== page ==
Alchemical engineering

If you were to find clarity within, you wouldn’t need to convince others of what you intended or meant…


Comfort is the search of asylum from the inner battlefield between the true reality and a false perception. It’s an illusion and like all illusion, it’s a mental prison.

Clarity is the result of divine amnesty given to those who braved the tension of confusion in search of the truth.

The truth and love can’t be co-opted within the confines of comfort. It’s not something you can acquire, rather it’s something you transform into and a reality you gain admission to. The path there is crooked and rife with distortions and road blocks that exists within us all as a result of false perceptions, dishonesty, fear, hatred, unprocessed suffering, etc. You can’t bypass the blocks because the path lies within those blocks. By dissolving and integrating those patches of shadows, you unfold into dimensions of light that were inaccessible to you.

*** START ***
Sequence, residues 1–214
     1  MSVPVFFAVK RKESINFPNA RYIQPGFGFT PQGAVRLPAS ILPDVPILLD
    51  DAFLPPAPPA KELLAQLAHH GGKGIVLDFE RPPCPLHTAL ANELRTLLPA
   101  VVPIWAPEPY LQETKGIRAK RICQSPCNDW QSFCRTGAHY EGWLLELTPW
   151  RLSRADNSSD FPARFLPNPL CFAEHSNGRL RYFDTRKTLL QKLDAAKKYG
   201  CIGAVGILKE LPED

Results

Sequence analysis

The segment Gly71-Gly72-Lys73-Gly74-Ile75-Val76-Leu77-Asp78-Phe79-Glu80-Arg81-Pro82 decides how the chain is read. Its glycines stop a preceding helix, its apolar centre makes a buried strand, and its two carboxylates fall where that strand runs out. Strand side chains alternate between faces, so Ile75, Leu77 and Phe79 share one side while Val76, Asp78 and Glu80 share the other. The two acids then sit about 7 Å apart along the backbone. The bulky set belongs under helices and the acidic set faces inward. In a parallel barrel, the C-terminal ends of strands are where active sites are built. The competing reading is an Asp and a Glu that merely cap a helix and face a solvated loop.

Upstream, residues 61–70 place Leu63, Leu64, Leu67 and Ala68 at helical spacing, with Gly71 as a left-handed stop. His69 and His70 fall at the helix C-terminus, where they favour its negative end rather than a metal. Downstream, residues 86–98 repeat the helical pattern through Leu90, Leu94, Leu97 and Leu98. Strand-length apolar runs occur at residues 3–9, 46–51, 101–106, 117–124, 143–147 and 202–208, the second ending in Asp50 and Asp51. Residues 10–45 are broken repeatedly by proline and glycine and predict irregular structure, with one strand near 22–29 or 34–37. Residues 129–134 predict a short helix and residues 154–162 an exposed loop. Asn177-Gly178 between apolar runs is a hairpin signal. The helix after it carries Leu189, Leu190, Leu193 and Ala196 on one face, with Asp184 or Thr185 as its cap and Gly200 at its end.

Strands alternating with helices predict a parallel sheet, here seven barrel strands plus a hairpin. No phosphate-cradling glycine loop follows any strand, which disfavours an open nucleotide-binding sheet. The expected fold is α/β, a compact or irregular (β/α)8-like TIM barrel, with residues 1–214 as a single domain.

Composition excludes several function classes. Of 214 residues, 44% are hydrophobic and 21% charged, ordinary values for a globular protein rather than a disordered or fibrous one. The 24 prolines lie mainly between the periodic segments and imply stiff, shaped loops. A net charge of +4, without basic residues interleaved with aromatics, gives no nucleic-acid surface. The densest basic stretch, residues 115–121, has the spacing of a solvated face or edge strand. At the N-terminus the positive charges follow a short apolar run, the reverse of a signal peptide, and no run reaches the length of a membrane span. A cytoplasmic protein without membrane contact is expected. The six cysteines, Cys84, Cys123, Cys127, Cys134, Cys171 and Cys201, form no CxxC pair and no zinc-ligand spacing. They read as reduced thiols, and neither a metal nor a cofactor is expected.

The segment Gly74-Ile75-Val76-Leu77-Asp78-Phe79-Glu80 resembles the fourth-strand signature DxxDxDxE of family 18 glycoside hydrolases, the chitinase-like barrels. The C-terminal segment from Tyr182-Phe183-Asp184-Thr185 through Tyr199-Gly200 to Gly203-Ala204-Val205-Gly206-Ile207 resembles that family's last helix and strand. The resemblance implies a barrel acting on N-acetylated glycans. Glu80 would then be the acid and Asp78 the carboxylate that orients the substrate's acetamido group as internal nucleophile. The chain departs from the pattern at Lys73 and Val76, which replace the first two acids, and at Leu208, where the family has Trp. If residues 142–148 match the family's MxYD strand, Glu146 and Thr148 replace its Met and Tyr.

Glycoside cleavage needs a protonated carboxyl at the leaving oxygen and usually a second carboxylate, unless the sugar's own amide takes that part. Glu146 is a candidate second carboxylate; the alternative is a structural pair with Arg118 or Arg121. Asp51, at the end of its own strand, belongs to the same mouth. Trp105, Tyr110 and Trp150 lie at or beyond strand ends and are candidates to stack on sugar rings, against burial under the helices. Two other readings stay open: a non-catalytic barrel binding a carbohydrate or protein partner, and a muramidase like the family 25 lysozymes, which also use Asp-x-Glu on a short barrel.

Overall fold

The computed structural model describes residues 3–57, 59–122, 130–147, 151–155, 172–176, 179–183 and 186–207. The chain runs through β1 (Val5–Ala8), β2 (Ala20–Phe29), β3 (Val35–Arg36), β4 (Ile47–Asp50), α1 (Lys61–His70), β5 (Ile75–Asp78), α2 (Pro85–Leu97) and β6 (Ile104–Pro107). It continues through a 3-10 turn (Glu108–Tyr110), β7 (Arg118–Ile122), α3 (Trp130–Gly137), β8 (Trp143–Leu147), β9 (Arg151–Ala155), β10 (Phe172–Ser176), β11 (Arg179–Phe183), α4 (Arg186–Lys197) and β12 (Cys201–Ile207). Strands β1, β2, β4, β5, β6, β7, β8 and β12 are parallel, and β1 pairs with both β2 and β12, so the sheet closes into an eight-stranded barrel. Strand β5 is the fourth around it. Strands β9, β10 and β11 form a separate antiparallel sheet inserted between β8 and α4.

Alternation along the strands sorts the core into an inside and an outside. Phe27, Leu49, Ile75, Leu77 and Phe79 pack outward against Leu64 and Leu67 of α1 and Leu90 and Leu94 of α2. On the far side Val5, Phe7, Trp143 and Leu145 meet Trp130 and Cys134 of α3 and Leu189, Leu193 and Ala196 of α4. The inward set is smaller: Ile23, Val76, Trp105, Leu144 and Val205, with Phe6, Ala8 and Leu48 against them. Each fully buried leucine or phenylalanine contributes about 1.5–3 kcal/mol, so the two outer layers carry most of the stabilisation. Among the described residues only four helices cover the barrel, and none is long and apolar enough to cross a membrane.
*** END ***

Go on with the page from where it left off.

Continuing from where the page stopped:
You don’t need anyone or anything else to find clarity just like the dawn doesn’t wait for the night to disappear to make its entrance. Its entrance is what disperses the night.

My tired feet, my restless mind 

​Islaam is not a punching bag for your cognitive dissonance nor is it burial grounds for your existential woes. 
If you don’t want to be a Muslim, fine. But don’t play a mindgame where you’re trying to ‘expose’ Islaam’s fallacies and thus get a clean exit. Don’t flatter yourself, thinking that Islaam will fall like a house of cards should you exit. 
A man is allowed to marry 4 wives 

The prophet married Caaisha young He also split the moon and travelled to Jerusalem on a winged beast 

Under a legitimate caliphate, there’s jizyah ( taxes for non-muslims) and xadd ( pl. Xuduud, fixed punishments for specific crimes)

Xijaab is waajib (obligatory) and it’s literal, not metaphysical 
Don’t try to warp Islaam to quell your cognitive dissonance, or to appease critics. Accept it unconditionally, or walk out. 

That doesn’t mean that you *have* to do every thing. There’s leniency for individual struggles as long as you don’t warp the truth itself to fit you.